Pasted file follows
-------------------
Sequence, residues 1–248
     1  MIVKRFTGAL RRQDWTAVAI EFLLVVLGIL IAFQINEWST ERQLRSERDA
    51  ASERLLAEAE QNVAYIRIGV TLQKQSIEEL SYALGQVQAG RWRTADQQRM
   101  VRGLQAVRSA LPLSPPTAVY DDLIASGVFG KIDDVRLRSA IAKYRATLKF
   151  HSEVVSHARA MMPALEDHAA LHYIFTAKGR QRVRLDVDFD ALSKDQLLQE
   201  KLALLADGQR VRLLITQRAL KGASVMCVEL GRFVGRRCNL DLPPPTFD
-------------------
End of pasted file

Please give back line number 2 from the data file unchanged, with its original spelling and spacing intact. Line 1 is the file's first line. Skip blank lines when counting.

     1  MIVKRFTGAL RRQDWTAVAI EFLLVVLGIL IAFQINEWST ERQLRSERDA